Mugwort is not hounded with diseases and pests because of its natural bug repelling properties. However, it is prone to root rot when the roots are exposed to a soggy environment. But as long as the soil has proper drainage, they can survive even in poor soil conditions.

In USDA Hardiness Zones 4 to 8, mugwort can be grown outdoors. Just keep in mind to keep it under control. Mugwort will grow better under the following conditions:

How To Harvest Mugwort

Harvesting the mugwort plant depends on how you are going to use it.

The fresh leaves are harvested anytime throughout the year. Leaves are used either fresh or dried for culinary or medicinal purposes. The young mugwort shoots are ideally harvested in spring before the plant blooms.

The mugwort roots are best collected in autumn. You can preserve it for future use by thoroughly washing the harvested roots and air drying them on screens.

You may also dry the bundled stem and leaves of mugwort by hanging them in small bundles upside down. Do this in a dry place with plenty of air circulation and away from direct sunlight.

What Mugwort Is Good For And Natural Remedies Made From It

Mugwort has many ayurvedic uses and is popular in its effectiveness in treating malaria. It is a source of artemisinin, an active chemical compound extracted from artemisia plants like mugwort. It has long been used for treating malaria since the outbreak in 1970, including the high-drug resistant strains.

Also considered the “dream herb,” mugwort is used as an ingredient in some sleep pillows. It imparts a mild narcotic and sedative property that can induce sleep and bring prophetic dreams. Additionally, it can treat various mood and psychological disorders. This herb brings hope to people with anxiety, depression, and other emotional struggles.

Traditional Chinese Medicine uses mugwort in a healing practice called moxibustion. It involves treating the affected body parts with the smoke from the rolled and ignited mugwort leaves and stems. It is also often used in supplements with acupuncture to improve its effectiveness.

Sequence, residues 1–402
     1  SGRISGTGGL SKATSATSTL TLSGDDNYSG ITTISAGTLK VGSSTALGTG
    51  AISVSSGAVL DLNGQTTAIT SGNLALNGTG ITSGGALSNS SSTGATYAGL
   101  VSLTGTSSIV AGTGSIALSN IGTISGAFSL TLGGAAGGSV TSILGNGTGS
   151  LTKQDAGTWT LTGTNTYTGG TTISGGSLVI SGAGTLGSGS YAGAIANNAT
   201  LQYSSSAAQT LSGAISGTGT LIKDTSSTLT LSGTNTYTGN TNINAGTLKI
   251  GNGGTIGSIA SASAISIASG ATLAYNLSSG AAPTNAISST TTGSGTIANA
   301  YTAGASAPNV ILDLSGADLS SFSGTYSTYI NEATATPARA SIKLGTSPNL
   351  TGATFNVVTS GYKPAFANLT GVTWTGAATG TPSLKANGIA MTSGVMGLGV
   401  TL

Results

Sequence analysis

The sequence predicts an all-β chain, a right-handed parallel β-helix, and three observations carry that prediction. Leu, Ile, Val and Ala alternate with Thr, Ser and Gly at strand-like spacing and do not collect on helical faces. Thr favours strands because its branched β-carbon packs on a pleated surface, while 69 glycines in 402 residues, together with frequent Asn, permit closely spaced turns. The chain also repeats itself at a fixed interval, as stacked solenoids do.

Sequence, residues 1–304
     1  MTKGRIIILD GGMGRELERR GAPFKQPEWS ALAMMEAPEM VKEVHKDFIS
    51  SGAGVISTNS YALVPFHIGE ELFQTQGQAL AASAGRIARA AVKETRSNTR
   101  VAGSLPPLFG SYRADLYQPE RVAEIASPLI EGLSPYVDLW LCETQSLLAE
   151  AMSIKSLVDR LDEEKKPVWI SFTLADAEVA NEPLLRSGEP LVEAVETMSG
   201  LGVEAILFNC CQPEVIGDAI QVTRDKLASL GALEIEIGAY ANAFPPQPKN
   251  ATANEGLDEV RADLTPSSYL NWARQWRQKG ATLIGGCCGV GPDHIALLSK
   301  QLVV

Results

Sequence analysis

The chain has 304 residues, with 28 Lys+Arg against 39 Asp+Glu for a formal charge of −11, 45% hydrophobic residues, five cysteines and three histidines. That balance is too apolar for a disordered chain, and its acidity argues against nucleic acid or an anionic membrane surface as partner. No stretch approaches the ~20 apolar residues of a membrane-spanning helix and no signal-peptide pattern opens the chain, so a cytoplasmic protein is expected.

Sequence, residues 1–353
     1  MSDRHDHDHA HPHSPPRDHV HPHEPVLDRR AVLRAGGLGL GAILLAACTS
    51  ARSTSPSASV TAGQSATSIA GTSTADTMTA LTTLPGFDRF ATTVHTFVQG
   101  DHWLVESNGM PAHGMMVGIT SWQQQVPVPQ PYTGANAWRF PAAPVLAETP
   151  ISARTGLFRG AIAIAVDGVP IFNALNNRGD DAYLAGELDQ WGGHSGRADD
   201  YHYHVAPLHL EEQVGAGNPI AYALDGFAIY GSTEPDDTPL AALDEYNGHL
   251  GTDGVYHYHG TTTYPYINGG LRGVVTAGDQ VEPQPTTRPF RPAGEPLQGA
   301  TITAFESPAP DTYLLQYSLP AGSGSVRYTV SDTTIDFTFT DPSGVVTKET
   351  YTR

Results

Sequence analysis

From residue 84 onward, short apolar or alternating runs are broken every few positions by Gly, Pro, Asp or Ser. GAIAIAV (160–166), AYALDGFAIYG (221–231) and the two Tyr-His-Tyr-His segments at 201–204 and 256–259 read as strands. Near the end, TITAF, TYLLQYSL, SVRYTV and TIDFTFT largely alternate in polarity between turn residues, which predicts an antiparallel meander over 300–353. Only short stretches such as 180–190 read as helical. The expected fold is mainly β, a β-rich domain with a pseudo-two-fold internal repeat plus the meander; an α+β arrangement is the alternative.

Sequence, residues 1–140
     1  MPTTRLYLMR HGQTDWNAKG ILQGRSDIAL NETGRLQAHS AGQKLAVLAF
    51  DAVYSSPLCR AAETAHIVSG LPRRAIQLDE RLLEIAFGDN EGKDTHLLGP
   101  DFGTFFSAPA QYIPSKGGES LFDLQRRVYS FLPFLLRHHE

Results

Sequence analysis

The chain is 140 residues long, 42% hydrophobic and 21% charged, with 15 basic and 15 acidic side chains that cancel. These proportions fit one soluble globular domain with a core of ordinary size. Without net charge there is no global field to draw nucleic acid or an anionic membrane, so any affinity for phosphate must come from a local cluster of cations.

For women, mugwort is an excellent herb to induce menstrual flow to treat scanty menses and irregular menstruation. It is also effective in pain and problems associated with women’s monthly cycle and menopause.

Chinese women had also used mugwort moxibustion as a home therapy for breech pregnancy. The practice prompted some research studies to determine its effectiveness. According to it, mugwort did not necessarily lower the cases of caesarian deliveries, but it did show a positive result. Mugwort moxibustion may reverse breech pregnancy into cephalic presentation within two weeks of use.

Mugwort is a bitter herb that has excellent digestive and stomachic properties. It alleviates many gastrointestinal symptoms and cures bloating and indigestion. It is also a vermifuge for the effective dispelling of parasitic worms.

 ⇒ The Most Powerful 40 Remedies You Can Find in The Wild (Video)

To summarize, you can use mugwort for the following conditions:

 ⇒ A Simple “At-Home” Protocol for the Flu and Other Respiratory Issues (Video)

What Parts Of Mugwort Are Used For Remedies?

All parts of the mugwort plant are useful as an herbal home remedy. Its fresh flowers and roots are steeped in tea to alleviate body pains and disorders.

Mugwort roots are tonic and antispasmodic, while its stems are antirheumatic and antispasmodic. The leaves are also made into tea for various stomach problems. It is also put in the soles of the shoes to soothe sore feet.

The paste of mugwort leaves is applied externally for skin problems. Its compressed leaves and stems are used in moxibustion. Its bark is infused and taken for menstrual pain relief.

Mugwort is available in many forms like:

Mood-lifting Mugwort Tea

Ingredients:
Steps:
  1. Place 2 tbsp of dried mugwort in a teabag, if available. If you don’t have a teabag, you can directly add mugwort into the boiling water later.
  2. Bring water to a boil in a pot or saucepan and add the dried mugwort. Let it steep for about 5 to 10 minutes. The longer you steep, the bitter the tea becomes.
  3. Remove the teabag (or strain loose particles) from the pot and let it cool for another 3 minutes.
  4. Transfer into a mug and add honey to the desired taste.

How to use this remedy:

The mugwort tea is best for alleviating menstrual pain, improving digestion, and reducing anxiety and depression. There is no recommended dosage for using mugwort. But, herbalists recommend taking 50 to 100 ml mugwort tea twice or thrice daily.

Warnings And Cautions

Mugwort is not recommended for pregnant women since it stimulates uterine contractions. It may risk bleeding and miscarriage.

Lactating mothers should also not use mugwort because it can cause heartburn in breastfed babies.